Much talk of late has been focused on North Carolina’s charter schools and the overall effect they have on the resegregation of student populations within the state.
In a recent EdNC.org op-ed, Rhonda Dillingham, Executive Director of the North Carolina Association for Public Charter Schools, defended North Carolina’s charter schools from criticism concerning perpetuating segregation.
“Since then (1996), charter schools, which will always be free and open to all, have offered exceptional student learning environments and created opportunities for all students nationwide — and especially in North Carolina. The facts speak for themselves; in three key metrics — student-family wellbeing, academic performance, and diversity — charter schools are a beacon.”
The data presented in this post say otherwise. Dillingham has yet to respond or refute.
In a recent article by Center Point, Sen. Deanna Ballard made the same assertion.
Ballard said the racism claims are the critics “last hope for killing school choice,” but she thinks it is a shot in the dark.
Enrollment numbers in North Carolina paint a different picture from the “white flight” that Mangrum described, according to Ballard.
About 20 percent of school-aged children do not attend traditional public schools, according to state numbers. The charter schools have a higher percentage of African-American students than public schools do.
The Center Square confirmed that 26.1 percent of charter school students in North Carolina are African-American, and African-American students make up 25.1 percent of the public school population.
Let it be known that the Center Point is a publication put out by the Franklin Press, a right-wing conservative outlet based in the Midwest. From PR Watch:
An effort to replace local journalism with right-wing reporting has put on a new mask this month. The Center Square is posing as a beacon of the “highest journalistic ethics,” but in reality, it is a rebranding of an outlet deemed “highly ideological” and criticized for “occasional…gross distortions” of the facts.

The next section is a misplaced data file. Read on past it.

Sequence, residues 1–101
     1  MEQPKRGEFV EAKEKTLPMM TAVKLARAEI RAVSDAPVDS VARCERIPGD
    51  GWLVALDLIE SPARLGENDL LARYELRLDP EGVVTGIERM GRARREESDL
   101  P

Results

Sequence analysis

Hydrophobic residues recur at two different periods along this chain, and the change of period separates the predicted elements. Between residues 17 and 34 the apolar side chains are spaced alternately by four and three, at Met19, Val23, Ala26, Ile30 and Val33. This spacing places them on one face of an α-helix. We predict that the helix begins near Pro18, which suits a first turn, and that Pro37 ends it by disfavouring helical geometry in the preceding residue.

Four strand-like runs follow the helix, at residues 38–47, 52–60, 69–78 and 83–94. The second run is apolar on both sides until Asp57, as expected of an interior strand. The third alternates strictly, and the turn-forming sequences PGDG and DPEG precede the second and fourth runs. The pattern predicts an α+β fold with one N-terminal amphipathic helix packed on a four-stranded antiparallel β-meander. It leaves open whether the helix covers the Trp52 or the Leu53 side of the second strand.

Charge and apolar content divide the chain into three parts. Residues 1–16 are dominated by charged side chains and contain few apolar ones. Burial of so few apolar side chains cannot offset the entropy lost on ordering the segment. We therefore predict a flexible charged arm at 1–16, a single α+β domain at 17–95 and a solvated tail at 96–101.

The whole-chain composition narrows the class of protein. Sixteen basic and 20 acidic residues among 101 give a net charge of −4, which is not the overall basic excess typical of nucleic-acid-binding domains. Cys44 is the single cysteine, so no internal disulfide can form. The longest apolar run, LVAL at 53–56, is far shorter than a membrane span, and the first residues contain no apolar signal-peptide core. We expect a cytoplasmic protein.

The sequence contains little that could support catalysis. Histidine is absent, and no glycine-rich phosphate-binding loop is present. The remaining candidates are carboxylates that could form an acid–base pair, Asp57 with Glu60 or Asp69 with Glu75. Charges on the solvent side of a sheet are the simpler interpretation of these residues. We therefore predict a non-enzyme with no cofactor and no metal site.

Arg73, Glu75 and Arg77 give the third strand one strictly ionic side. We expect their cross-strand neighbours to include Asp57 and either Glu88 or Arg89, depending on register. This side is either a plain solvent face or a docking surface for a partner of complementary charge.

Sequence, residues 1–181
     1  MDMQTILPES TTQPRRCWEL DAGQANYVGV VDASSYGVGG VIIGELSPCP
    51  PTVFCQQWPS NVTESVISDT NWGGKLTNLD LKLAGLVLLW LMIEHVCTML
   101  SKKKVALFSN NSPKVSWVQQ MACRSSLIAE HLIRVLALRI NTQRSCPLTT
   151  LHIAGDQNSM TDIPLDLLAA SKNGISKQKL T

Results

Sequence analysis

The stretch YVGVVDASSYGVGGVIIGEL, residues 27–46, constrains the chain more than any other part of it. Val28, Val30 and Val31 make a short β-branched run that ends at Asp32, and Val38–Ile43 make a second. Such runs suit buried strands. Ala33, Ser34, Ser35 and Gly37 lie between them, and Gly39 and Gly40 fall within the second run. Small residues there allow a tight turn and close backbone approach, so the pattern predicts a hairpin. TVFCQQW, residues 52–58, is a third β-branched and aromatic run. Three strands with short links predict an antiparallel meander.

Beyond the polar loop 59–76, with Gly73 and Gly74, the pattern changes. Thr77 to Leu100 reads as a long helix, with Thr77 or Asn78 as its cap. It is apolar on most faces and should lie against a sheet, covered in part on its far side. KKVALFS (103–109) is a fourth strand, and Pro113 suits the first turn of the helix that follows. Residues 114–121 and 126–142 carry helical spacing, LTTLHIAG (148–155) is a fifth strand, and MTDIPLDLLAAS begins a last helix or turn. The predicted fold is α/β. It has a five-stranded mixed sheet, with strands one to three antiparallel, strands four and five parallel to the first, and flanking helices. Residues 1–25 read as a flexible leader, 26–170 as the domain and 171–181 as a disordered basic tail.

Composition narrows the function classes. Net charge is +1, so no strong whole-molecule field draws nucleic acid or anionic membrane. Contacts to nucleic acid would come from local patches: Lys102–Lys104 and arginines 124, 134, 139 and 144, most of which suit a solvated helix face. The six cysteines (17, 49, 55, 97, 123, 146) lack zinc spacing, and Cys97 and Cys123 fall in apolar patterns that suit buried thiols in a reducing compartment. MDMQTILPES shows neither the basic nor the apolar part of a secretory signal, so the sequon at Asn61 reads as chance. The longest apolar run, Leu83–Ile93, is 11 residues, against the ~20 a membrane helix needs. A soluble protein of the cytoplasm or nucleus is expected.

The Center Square website purports to be “a non-profit, non-partisan, non-political, no-nonsense organization.” But its “About Us” page does not disclose that it is the latest incarnation of the Franklin Center, a media site specifically funded to have a “valuable” role as part of Wisconsin’s “conservative infrastructure.”
So, let’s revisit that 26.1 percent versus 25.1 calculation that Ballard and Center Point claim proves the diversity of North Carolina’s charter schools.
Imagine if I were to tell you that inside a banquet room you are about to enter there were 100 people; 50 were white and 50 were African-American. According to Ballard and Center Point, that would constitute perfect diversity – 50/50. However, when you walked inside, all of the white people were seated at tables at one end of the room and the African-American attendees were all seated at tables on the other side of the room.
Would you call that “diversity?”
What Ballard is hoping is that you don’t pay attention to how the attendees are (or are not) seated.
Sen. Ballard represents parts of five counties in northwestern NC: Alleghany, Ashe, Surry, Watauga, and Wilkes. Those counties house three of the over 170 charter schools in the state. Those charter schools are Bridges Academy in Wilkes County, Milennium Charter Academy in Surry County, and Two Rivers Community School in Watauga County.
Maybe it would be a good idea to see how the student makeup of each of these charter schools compares to nearby public schools. In this post, the site SchoolDigger.com was used. Each charter school in Ballard’s district was entered into the same search fields.
Here is what was found.
Millenium Charter: 15.7 free and reduced lunch. Take a look at the table above of the nearest high schools – particularly Mount Airy High School which is the closest one.
Compare the percentages of student makeup.
Here’s Two Bridges compared to other close elementary schools. Again, take a look at the percentages of Free/Discounted Lunch Recipients and race makeups.
Here’s Bridges Academy.
Of the three above, two are starkly different in student makeup than other nearby schools. Only Bridges Academy seems to have the same student makeup as nearby schools. But would that have anything to do with the lack of diversity in Wilkes County? Possibly.
But two of three school in her district portray a vastly different image than the one she proffers in her words within the Center Point article.
Actually, those two schools prove her words wrong.